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Medicinal garden cultivates history

by Dawn Brazell
Public Relations

Green must run in the blood of the Porcher family.

It's only fitting that the hands of Richard Porcher, Ph.D., helped landscape the eight flowering beds of MUSC's Porcher Medicinal Garden that opened Oct. 18. Porcher realized his tie to Francis Peyre Porcher, M.D., for whom the garden is named, when he was in graduate school pursuing an interest in zoology. He took a field botany course and fell in love with the subject. He also learned about his ancestor, born in 1824, and the contributions he made, including authoring the book, "Resources of the Southern Fields and Forests."

Dr. Richard Porcher helps prepare the beds in the medicinal garden.

"All of a sudden, I realized I had a botanist background," he said, adding that he has loved being involved in picking plants for the garden. Porcher, a noted field biologist himself and former professor of biology at The Citadel, is a member of the Waring Library Society's board of directors.

"I think the garden is fantastic. Finally, people will have an idea of the contributions he [Francis Porcher] has made," he said. He appreciates that the garden will be a living tribute to his ancestor and credits MUSC President Ray Greenberg, M.D., Ph.D., and Susan Hoffius, curator of the Waring Historical Library, for making it a reality.

"It's a fascinating piece of history. With the garden, it all comes full circle in seeing how those plants are being used today."

Hoffius said she likes that connection as well. "It's exciting to reintroduce someone from our past to people today. The talent he had was indisputable. He was a botanist and he came from a long line of botanists. It sort of ran in his blood. He took that interest and knowledge of local flora and made it applicable in a medical setting."

Though Porcher's book was written during Civil War time to help Southerners who were suffering from the lack of medical supplies available, Porcher had a longer view of its use beyond the immediate needs of the Confederates. Not all the book is directed at medicinal uses either, she said. It's like an almanac of sorts with directions for everything from making lye soap and dyes from plants to producing brandy.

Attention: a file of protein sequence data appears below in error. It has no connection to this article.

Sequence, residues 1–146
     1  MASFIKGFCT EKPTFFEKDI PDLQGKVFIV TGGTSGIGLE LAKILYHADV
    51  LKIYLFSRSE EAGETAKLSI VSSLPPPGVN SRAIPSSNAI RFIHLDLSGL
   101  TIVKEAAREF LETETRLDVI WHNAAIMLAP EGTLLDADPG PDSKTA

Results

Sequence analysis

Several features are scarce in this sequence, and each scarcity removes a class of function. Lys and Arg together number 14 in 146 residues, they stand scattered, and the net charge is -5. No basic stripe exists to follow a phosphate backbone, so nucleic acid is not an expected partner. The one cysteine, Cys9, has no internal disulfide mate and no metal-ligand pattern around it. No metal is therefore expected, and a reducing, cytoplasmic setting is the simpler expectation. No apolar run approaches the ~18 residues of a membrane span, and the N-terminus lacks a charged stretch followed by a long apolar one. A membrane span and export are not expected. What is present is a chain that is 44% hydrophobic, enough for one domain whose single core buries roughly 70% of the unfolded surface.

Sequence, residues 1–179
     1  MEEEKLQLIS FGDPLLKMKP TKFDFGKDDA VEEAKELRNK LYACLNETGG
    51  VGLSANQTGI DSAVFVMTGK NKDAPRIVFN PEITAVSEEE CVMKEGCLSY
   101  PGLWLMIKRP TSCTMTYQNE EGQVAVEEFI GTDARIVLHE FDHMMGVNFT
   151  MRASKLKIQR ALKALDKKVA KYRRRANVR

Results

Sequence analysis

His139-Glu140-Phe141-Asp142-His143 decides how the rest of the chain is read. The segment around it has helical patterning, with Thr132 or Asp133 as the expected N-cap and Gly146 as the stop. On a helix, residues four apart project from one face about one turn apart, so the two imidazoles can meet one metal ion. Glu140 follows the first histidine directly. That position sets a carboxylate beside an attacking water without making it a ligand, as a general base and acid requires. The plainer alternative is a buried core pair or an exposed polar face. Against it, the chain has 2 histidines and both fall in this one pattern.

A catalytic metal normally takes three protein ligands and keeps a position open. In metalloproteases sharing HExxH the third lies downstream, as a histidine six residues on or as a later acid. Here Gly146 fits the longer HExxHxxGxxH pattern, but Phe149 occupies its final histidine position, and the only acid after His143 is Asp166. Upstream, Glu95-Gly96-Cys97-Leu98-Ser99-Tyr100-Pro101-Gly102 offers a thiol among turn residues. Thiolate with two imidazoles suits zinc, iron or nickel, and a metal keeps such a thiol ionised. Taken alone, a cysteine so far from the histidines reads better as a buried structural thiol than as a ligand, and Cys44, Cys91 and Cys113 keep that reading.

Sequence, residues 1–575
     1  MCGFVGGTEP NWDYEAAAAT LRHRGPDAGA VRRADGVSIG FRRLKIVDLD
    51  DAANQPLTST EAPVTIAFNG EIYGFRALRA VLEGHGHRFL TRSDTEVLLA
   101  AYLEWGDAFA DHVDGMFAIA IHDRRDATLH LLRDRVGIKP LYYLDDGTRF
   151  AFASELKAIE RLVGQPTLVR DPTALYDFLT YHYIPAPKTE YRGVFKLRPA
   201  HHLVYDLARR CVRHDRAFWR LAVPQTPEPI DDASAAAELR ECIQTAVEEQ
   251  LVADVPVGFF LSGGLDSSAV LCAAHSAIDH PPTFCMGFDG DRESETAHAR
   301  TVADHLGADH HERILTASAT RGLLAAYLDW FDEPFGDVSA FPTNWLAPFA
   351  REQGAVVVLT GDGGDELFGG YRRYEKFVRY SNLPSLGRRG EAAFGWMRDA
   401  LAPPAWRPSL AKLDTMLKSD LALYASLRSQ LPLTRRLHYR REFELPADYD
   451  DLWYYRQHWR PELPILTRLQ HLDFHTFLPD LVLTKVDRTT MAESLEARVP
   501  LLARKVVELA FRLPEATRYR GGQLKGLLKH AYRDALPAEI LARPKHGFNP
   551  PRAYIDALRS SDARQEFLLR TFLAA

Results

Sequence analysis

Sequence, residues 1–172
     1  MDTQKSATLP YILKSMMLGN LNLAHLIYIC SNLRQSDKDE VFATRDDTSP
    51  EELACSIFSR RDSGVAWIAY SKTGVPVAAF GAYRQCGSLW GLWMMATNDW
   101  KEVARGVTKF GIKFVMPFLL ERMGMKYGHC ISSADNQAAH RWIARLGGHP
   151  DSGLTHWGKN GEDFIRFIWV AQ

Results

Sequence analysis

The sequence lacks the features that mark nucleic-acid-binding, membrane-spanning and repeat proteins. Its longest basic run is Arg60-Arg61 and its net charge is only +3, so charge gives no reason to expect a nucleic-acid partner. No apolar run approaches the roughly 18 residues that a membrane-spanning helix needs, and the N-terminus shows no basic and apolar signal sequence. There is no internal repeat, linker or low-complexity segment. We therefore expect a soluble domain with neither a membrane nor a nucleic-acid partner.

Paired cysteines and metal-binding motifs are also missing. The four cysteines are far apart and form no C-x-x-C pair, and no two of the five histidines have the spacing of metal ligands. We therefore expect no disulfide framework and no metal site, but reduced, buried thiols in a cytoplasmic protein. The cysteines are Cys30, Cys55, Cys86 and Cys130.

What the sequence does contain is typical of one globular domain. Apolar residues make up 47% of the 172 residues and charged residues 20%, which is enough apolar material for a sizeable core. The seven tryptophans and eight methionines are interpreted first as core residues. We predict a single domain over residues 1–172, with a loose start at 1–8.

The germ of the idea for the medicinal garden came from the landscape architect, Bill Eubanks (of Urban Edge Studio in Mount Pleasant), of the Drug Discovery Building who recommended it as a nice addition. Greenberg loved the idea and wanted to tie it into MUSC's history.

"He wanted to make the connection to Dr. Porcher and looking at our future with the Drug Discovery Building and looking for new drugs and new therapies. This garden is a tribute to what we have always done, which is to innovate medicine. We were doing that in 1863 when this book came out with Dr. Porcher, and we're still doing it today. One hundred fifty years ago we had faculty members who were making really significant contributions to pharmacology and medical therapies, and we still do. I think that's a nice connection."

The garden features more than 40 specimens that are shown in Porcher's book including signage with botanical information as well as details about what the plants were used for. There also is a companion website with more information about the plants. It will list the entry it had in his book, and for those who want to know modern-day uses, there will be a link to its entry in the Natural Medicine Compendium database, a pharmacy resource that Wayne Weart, PharmD, arranged for MUSC's use.


There's a leadership team that will oversee the garden composed of people from a variety of fields, including pharmacology, history and horticulture with programming opportunities being handled by the Office of Health Promotion. There will be garden tours, lunch-and-learn events and educational sessions for students. "It will be a nicely balanced group of people looking at the garden from various perspectives, not just as a garden or a healing garden. It's the pharmaceutical and the horticultural part, the history. It's all of it together," Hoffius said. Her hope is that the garden will be an inspiration.


Indian Pink

Jimson weed
The botanical illustrations above by Thomas Hamm are on display with the art of Linda Ann Vinson at the Drug Discovery Building as part of a special exhibition "The Flowering of Medicine."

"It's to say, 'look at the things around us that are untapped as of now.' We should not discard something out of hand just because we're unfamiliar with them."